The Importance Perspective – One day, on Twitter, I saw four people desperately retweet a photo of a bike that had been stolen somewhere in downtown Halifax. Sad? Of course. You would have thought that bike contained the cure for cancer. Meanwhile, that same day, a felon alcoholic was released to the community for the second time after killing two people previously while drunk driving. He admitted that he will definitely, definitely drink and drive again. He literally said that. Advice to the public? Just look out for him, K? Be safe. Good luck. The same thing happened weeks earlier with a violent sex offender who was being relocated to a halfway house on the Dalhousie University campus. Again- the offender was “nearly certain to commit again.” But, it’ll maybe be okay. No one else seemed worried. I guess that bike was pretty special.

Not So Nice – While we were in Halifax, we had our car keyed, broken into (money and iPod stolen,) car hit, and neighbors that plugged in their outdoor holiday decorations into our porch outlet, without asking. While we were out of the country for an entire month. We’ve met plenty of perfectly nice people here, but we’ve also run into the people who will take advantage just because you have a Michigan license plate.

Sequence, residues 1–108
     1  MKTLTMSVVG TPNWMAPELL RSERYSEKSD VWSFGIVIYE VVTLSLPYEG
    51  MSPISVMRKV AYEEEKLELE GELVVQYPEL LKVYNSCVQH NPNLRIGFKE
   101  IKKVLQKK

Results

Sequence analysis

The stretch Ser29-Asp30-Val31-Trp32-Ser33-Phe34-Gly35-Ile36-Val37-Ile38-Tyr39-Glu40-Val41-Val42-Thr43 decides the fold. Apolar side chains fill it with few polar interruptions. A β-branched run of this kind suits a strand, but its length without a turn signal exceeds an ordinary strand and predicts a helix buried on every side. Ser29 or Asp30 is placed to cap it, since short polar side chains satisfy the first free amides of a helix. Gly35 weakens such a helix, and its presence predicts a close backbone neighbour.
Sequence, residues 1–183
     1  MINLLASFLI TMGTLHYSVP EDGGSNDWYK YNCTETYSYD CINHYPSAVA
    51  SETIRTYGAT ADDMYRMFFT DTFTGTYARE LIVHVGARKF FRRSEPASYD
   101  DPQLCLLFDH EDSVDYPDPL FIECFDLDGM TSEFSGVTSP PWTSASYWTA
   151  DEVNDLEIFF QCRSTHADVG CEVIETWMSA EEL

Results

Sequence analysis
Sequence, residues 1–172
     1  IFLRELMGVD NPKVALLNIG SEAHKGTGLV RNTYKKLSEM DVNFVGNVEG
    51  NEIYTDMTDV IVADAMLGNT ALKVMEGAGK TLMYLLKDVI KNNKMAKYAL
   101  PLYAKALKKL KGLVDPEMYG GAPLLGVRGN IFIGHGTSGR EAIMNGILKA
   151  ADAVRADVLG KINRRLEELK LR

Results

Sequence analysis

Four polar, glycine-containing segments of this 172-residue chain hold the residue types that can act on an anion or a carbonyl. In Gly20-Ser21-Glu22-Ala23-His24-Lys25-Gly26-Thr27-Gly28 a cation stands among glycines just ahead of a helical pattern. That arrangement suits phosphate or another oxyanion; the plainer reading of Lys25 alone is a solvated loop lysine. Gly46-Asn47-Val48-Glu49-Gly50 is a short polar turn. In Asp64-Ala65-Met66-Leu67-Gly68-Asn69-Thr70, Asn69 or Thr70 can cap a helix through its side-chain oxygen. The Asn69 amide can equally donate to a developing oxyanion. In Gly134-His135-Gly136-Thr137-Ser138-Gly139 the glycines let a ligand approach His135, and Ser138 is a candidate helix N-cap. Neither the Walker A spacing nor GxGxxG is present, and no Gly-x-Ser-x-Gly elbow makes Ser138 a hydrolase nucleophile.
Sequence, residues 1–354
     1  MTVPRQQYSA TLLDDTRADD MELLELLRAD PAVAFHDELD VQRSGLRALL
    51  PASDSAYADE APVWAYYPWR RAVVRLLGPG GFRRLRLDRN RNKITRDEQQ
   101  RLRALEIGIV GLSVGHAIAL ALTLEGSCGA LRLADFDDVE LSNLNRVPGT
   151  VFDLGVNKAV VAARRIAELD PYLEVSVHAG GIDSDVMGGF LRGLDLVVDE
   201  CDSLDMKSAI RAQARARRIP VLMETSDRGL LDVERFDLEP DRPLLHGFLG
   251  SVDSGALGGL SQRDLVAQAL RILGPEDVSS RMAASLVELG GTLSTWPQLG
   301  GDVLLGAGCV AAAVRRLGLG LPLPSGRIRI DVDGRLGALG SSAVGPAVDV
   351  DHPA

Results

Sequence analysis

• $12 cover charges (Hell no.)
  • No free refills (That’s a big one for hubs.)
  • Remember when it was harder to get a cell phone plan than a Social Insurance Number?
  • The Metric system (Personal preference, I can’t add.)
  • How you can’t fly to Hamilton, Ontario, November-May (I would have paid extra.)
  • Government controlled alcohol sales (And government hiked alcohol prices.)

Hate me yet? If it weren’t for these things, we’d surely move here forever.


Leave a Reply

Fill in your details below or click an icon to log in: Logo

You are commenting using your account. Log Out / Change )

Twitter picture

You are commenting using your Twitter account. Log Out / Change )

Facebook photo

You are commenting using your Facebook account. Log Out / Change )

Google+ photo

You are commenting using your Google+ account. Log Out / Change )

Connecting to %s